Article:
Give it a try.  Find 20 minutes for yourself, or even set your alarm for 20 minutes earlier tomorrow and squeeze it in before you do your regular morning routine.

See what happens! (Depending on your cardiovascular fitness, your regular routine, and your dawn phenomenon, you may not need to adjust your insulin as you jump in the morning, but watch for changes in the hour or two after you jump.)

If you do have a jump rope, use it.  If you don’t have a jump rope, hold out your hand right now.  Feel that?  I just handed you an invisible rope! 

Now everyone has a rope, visible or not. 

Find yourself a nice space where jumping rope doesn’t involve breaking anything





Light 20 minute jumprope workout:

Think about keeping your torso erect, standing tall, keeping your abdominals tight and staying light on your feet.

Minutes 1-4: march in place (or around the block and start your timer when you get back), keeping your hands and arms free and mobile

Minutes 5-8: invisible rope for all: jump rope without a rope, alternating feet as you jump, essentially shuffling your feet.  No need to get your feet too far off the ground!

Minute 9: jump rope with alternating feet for 30-60 seconds.

Minutes 10-13: lay your rope on the ground, standing to one side of it the edge of your foot should be parallel with the rope.  Now, hop from one side of the rope to the other from side to side.

Minute 14: jump rope with alternating feet just like in Minute 9.

Minute 15-17: alternate jumping lightly from your right to left foot just like in Minutes 5-8.

Minute 18: one solid minute of double foot jump roping!

Minutes 19-20: cool down by leaving your rope on the ground and marching in place or circling the block in the other direction.

When the 20 minutes are up, take a couple of minutes to stretch your calves, quadriceps, and hamstrings.  Lift one arm up overhead and reach to the opposite wall to stretch your torso; change sides.

Good job!!

Moderate 20 minute jumprope workout:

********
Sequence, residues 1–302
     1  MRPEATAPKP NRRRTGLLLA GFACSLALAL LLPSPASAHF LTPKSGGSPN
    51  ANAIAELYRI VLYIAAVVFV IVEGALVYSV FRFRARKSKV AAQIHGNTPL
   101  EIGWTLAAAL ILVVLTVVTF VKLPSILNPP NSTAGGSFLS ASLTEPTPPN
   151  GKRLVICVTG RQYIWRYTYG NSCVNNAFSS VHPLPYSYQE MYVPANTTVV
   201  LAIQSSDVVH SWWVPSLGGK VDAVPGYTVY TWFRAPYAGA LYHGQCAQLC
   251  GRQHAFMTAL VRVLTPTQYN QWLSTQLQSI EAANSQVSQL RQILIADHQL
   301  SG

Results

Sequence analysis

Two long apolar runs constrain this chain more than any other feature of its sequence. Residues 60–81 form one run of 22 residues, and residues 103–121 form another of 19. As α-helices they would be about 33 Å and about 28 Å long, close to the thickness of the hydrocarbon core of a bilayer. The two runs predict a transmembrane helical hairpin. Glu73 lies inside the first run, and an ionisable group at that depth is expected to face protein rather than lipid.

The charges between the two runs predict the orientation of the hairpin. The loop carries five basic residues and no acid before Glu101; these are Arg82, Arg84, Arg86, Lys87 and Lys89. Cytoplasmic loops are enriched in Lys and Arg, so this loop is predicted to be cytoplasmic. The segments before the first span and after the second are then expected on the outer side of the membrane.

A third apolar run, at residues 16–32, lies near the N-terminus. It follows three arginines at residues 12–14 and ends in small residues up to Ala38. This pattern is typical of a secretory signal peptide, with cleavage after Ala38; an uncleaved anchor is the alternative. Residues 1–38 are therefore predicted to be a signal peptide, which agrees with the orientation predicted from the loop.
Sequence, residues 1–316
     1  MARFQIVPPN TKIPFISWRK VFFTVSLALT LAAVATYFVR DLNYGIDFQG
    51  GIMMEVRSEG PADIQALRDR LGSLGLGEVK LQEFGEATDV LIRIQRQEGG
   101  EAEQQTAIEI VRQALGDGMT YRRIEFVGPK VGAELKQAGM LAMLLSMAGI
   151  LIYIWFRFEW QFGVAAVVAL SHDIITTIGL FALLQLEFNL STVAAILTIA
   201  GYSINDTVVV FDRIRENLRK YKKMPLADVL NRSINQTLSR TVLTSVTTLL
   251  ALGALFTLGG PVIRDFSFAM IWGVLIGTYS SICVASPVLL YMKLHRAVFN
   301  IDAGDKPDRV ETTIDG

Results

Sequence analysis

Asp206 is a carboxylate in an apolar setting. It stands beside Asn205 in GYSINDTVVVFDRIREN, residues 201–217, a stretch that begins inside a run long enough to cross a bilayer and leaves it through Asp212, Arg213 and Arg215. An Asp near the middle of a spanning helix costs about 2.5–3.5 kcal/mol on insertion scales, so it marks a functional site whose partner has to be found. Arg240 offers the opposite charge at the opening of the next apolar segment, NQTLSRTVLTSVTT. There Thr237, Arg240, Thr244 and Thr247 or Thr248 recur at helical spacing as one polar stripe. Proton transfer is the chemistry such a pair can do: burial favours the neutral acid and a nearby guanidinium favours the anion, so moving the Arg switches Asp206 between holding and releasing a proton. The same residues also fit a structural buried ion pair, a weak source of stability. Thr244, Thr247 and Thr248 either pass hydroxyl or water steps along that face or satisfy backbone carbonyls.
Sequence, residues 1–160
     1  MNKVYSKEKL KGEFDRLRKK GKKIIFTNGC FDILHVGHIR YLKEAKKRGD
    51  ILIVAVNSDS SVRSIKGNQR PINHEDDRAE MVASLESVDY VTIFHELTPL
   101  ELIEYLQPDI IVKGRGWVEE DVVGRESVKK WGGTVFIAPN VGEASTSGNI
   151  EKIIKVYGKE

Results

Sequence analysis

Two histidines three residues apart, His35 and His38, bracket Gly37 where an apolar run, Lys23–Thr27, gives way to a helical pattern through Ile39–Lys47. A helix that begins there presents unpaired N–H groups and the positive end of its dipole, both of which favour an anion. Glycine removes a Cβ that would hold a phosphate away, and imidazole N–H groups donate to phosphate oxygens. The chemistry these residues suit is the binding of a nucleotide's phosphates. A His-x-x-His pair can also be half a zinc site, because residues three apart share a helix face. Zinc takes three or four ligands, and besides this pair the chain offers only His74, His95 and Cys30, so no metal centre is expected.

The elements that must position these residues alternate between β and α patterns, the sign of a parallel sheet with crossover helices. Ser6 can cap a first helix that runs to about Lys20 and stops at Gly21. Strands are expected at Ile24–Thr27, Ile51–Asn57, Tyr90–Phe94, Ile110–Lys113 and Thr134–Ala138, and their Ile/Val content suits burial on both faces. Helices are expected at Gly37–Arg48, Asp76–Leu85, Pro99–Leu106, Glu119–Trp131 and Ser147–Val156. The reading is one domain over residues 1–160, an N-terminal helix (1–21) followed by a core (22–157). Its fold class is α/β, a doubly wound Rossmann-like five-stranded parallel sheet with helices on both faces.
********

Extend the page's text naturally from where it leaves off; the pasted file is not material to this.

Same thoughts as above. 

Minutes 1-4: warm up as in the Light workout above.

Minutes 5-7: invisible rope for all: jump rope without a rope, alternating feet as you jump, essentially shuffling your feet.  No need to get your feet too far off the ground!

Minute 8: pick up your rope and continue the same footwork technique as the previous minutes 5-7.

Minute 9: jump rope with both feet for 60 seconds.

Minutes 10-13: sidestep by jumping from the left foot to the right foot, tapping the left foot to the right after skipping over the rope.  Repeat with the right foot.

Minute 14: jump rope with alternating feet for 60 seconds.

Minutes 15-17: put the rope down and jump lightly from left to right foot, swinging your invisible rope with your hands.

Minute 18: pick up your rope and jump with your right foot for 30 seconds and then with your left foot for 30 seconds.

Minutes 19-20: cool down and stretch as in the Light workout above.


(Workouts designed by June Kahn and Lawrence Biscontini, Morning Cardio Workouts.)

Yes or No?

April 8th, 2011

I went for a run last night after my afternoon D.O. it Bootcamp class.  Going out for 7 miles at 5:30pm was one of the last things I wanted to do right then, and knowing I had some tough hills ahead didn’t make it any easier!

It was really cold, and I only had a pair of shorts to run in.  I was very glad I had a long sleeved shirt and gloves if I wanted them.  But still: it was very windy, and just the thought of being out for an additional hour was just making me sad and tired!

So I puttered around for a few minutes, checking my voicemail and email.  Anything to put off my departure!